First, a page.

The next thing to remember is that Northern Ireland was created to provide a safe haven for the Protestant minority of Ireland, who felt that they would be disadvantaged in a united country. Unfortunately, many Catholics living in the north were either unwilling to leave their homes, or stubbornly clung to the idea of a united country. Since partition, those Catholics have been systematically oppressed and discriminated against by the Protestant majority. Yet they are so few that there is no hope of them achieving justice through any democratic process within Northern Ireland itself. In any election, the Protestants win nearly all the seats. It is not surprising that many Catholics saw the IRA as their only option, or that most Protestants were scared stiff of becoming a minority in a united Ireland.
Decades later, many of the ordinary people of Northern Ireland are sick to death of violence and are happy to put aside their prejudices for the sake of peace. But that cannot happen without a political solution that allows all sides to save face.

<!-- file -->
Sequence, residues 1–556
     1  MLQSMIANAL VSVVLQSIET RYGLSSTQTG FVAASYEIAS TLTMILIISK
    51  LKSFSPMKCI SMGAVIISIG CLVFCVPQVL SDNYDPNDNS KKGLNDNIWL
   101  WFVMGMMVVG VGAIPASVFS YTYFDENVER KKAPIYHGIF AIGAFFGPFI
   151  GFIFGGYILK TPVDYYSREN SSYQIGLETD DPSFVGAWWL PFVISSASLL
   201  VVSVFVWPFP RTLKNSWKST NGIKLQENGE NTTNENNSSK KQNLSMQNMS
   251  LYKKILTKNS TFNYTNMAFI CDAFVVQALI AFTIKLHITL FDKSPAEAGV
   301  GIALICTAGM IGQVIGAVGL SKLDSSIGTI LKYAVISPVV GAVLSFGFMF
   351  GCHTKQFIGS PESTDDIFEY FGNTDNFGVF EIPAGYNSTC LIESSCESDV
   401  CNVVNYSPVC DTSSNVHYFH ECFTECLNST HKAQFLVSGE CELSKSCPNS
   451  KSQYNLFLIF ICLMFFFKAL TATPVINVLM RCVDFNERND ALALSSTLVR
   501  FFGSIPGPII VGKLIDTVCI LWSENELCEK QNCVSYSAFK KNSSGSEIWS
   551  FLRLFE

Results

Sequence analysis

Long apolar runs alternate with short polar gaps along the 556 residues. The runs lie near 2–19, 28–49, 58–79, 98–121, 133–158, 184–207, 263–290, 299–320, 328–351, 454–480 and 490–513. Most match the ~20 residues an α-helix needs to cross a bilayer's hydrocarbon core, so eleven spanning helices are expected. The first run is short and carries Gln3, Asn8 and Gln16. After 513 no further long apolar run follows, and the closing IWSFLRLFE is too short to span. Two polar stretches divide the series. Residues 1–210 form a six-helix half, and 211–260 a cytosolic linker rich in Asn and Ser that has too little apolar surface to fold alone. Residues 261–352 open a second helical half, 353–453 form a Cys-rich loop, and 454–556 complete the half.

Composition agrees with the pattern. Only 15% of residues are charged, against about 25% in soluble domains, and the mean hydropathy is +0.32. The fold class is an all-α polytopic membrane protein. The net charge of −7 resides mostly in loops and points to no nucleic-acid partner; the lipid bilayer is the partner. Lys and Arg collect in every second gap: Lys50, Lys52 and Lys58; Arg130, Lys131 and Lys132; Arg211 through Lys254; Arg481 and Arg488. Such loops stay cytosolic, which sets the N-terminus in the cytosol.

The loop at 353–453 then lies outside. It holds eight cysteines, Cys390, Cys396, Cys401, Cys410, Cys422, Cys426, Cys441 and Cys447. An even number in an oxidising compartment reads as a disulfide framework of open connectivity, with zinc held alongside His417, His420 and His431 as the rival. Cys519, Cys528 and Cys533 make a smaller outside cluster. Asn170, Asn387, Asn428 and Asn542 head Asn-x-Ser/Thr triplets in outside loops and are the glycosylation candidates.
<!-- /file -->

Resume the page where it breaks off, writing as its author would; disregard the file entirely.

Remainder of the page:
And so we come to the final nail in the sorry coffin. The Ulster Unionists are the traditional and philosophical allies of the Conservatives. Not that long ago they were the same party. With a faltering economy, PR disasters and by-election losses cutting away at their confidence and majority, and a general election due very shortly, the government finds itself forced to fall back on the old friendship. John Major is not refusing to talk to Gerry Adams because he doesn't know the right thing to do, he is doing it because he is scared stiff of offending the Unionists (not to mention a few lunatics in his own party). No Conservative Prime Minister has ever sacrificed his job for the sake of Ireland's Catholics, and none ever will. If Northern Ireland wants peace, it had better hope for a Conservative majority in the next election.